5 Business Writing Tips From the Pros

by Cathy Miller on June 11, 2012

What do you think of when you hear the term business writing?

  • A corporate report?
  • A technical white paper?
  • Something boring and bad?

If you own a business, you do some form of business writing.

  • Emails
  • Blog posts
  • Social media marketing

Assuming you don’t hire a professional business writer for all of your needs, the writing is left up to you.

I asked some writer friends for their favorite tips for business writing so we could share them with you. I hope you find them inspiring.

Tip #1 – Always put your reader first.

That sensible tip comes from Wade Finnegan of QualityWritingBusiness.com.

You’re thinking – well, of course. But, it’s surprising how often writers forget that.

  • Advertising centers on product features instead of benefits to the reader
  • Blog posts focus on the writer’s experience or needs

As Wade explained that last point ~

SEO is great… but if your quality stinks no one will read your content…you want people to find you, but having them stay is the trick.

Tip #2 – Make sure your writing answers what’s in it for me for the reader.

Sharon Hurley Hall shares this tip as the best way to keep readers glued to your words.

If readers don’t feel they have something to gain from your writing, they will move on.

Gains take many forms ~

  • Learning something new
  • Being entertained
  • Inspiring passion

That’s why I include Sharon’s tip in my litmus test for all writing.

Tip #3 – Structure web content with the inverted pyramid method.

Being an overachiever, online writing pro, Sharon Hurley Hall, offered a second tip.

Sharon explains the inverted pyramid this way.

  1. Start with the most important information at the top.
  2. Add information in a descending order of importance.
  3. Finish with the least important information at the end.

Studies have shown readers scan online. If you want to hook your reader, hit them with your best stuff first.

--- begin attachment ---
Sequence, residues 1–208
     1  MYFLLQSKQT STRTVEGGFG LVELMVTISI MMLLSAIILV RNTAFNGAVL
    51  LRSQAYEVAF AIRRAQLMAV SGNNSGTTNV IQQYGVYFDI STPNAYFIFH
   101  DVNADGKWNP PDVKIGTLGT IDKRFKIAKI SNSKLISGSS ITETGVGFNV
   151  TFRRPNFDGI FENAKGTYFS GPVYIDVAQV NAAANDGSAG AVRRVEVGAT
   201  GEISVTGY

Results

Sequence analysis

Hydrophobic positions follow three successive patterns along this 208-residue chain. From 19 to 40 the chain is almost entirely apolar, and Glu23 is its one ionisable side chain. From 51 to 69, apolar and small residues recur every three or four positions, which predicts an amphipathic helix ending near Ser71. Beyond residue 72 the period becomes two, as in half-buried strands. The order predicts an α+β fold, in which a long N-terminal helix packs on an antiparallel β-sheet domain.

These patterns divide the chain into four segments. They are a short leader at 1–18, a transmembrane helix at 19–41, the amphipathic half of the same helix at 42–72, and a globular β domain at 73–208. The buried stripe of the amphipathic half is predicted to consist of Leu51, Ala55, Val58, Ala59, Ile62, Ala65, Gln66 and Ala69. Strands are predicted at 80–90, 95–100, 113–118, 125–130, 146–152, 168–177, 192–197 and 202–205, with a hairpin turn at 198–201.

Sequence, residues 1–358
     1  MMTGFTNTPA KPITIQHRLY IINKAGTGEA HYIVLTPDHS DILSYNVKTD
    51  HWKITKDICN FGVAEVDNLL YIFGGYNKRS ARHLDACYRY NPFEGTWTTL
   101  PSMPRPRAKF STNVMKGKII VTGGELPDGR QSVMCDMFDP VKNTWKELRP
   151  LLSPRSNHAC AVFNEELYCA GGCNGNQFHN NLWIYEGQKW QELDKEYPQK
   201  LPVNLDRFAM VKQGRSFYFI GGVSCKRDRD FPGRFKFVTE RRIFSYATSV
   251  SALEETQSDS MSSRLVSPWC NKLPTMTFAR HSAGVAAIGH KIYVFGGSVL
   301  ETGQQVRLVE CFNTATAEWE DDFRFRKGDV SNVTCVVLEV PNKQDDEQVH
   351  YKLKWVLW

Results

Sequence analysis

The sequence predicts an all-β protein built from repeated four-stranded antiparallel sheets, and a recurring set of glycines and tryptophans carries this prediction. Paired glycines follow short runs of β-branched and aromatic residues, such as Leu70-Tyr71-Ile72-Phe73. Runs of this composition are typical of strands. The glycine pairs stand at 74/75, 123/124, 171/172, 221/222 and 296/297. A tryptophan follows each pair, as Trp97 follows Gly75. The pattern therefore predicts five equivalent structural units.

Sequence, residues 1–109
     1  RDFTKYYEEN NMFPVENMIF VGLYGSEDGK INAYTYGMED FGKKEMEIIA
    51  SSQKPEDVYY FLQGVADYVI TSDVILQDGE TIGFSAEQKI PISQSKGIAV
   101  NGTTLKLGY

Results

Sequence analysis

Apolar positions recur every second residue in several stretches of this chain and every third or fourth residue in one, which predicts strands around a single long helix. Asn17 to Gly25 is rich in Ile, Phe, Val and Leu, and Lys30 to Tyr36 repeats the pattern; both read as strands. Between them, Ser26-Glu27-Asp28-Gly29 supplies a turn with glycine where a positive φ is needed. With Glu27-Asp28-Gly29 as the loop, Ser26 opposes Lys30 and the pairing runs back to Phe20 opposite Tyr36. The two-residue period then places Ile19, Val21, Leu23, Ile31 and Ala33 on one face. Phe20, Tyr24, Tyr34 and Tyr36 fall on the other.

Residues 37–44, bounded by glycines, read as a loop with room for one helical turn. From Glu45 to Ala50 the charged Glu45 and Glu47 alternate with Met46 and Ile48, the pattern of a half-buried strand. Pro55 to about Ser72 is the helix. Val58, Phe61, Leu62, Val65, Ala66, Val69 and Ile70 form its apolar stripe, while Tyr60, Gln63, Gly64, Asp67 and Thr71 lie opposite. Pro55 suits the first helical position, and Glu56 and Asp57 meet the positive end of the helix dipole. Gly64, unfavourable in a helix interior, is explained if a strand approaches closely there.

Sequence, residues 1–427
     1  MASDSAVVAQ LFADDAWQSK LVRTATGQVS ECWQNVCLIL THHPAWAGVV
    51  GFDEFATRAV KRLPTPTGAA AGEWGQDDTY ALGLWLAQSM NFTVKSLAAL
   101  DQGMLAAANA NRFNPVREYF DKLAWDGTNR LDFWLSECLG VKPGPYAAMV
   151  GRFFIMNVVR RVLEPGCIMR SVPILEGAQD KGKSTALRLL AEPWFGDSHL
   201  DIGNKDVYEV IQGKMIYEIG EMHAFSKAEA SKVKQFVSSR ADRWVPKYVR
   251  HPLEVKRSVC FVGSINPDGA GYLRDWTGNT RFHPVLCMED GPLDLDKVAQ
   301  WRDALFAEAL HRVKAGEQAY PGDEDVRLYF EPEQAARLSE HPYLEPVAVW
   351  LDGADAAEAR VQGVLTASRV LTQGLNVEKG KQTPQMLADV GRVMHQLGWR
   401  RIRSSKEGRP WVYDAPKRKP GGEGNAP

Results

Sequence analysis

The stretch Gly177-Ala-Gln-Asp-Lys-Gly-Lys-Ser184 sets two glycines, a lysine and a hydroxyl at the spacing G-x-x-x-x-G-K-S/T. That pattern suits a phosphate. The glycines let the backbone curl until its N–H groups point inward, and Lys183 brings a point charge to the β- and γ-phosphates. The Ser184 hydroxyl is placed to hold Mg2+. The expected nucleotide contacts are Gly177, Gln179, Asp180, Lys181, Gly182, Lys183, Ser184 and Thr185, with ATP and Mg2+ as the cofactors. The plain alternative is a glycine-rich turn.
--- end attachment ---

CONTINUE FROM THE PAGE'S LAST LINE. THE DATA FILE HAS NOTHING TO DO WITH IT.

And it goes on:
“Stuff” is my technical writing term – not Sharon’s. She had a much better way of expressing it ~

It means readers get your message even if they don’t read the entire content.

Tip #4 – Close your mouth and open your ears and you’ll deliver better client results.

It’s this straight-shooting advice I love about professional writer, Lori Widmer.

We think along the same lines – Write With Your Ears.

  • You are passionate about what you do
  • And that’s a good thing

But, sometimes that passion gets in the way of hearing what it is your client wants.

If you don’t know what your clients want, your writing will fall on deaf ears.

Tip #5 – Read it out loud before you send it off.

Our final tip comes from professional ghostwriter and coach, Anne Wayman.

If you’re like me, sometimes you feel rushed to get the darn thing out the door.

It’s times like that when you’re tempted to skip this step – don’t do it.

By reading out loud –

  • You discover sections that may be confusing to readers
  • You hear awkward sounding words or phrases
  • You identify pacing or flow problems
  • You notice overused words

Let the Writing Begin

I want to thank my writer friends, Wade, Sharon, Lori, and Anne for their great tips.

I hope they help your writing shine a positive light on your business.

What business writing tips would you add?

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Helping you Keep it simple, clear & uniquely yours – contact me for help with your business writing needs.

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{ 8 comments… read them below or add one }

Sharon Hurley Hall June 11, 2012 at 7:28 am

I love collected wisdom, Cathy, and your context makes the tips even more useful. Thanks for including mine. :)
Sharon Hurley Hall recently posted..A Writer’s QuirksMy Profile

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Cathy June 11, 2012 at 7:52 am

Me, too, Sharon! :-) Thank you for sharing yours.

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Shane Arthur June 11, 2012 at 9:08 am

I love #5, as I’m sure you already know. ;)
Shane Arthur recently posted..Writing Prompts – Creative Copy Challenge #250My Profile

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Cathy June 11, 2012 at 9:18 am

Wonder why, Shane. :-D Hey, that could be my next post – Copyediting tips from the Pros – or – you could do a guest post ;-) – in you spare time.

Thanks for stopping by, Shane.

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Shane Arthur June 11, 2012 at 9:23 am

Deal! My first book is off to the other editors at Sean Platt’s publishing house. When it’s ready, I’ll send you a guest post that deals with the topic my book covers. :)
Shane Arthur recently posted..Writing Prompts – Creative Copy Challenge #250My Profile

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Cathy June 11, 2012 at 11:17 am

How exciting for you, Shane! Can’t wait. I’ll take it whenever you’re ready. Thanks so much.

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Tim Bradley June 11, 2012 at 6:16 pm

Two tips I’d add would be:

1. Proofread, then proofread.

2. Write less (if you can get away with it–I once had a client tell me that an RFP I wrote for him needed “more bulk”)

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Cathy June 11, 2012 at 6:19 pm

Thanks, Tim. Those are two great tips.

I appreciate you stopping by and sharing them! :-)

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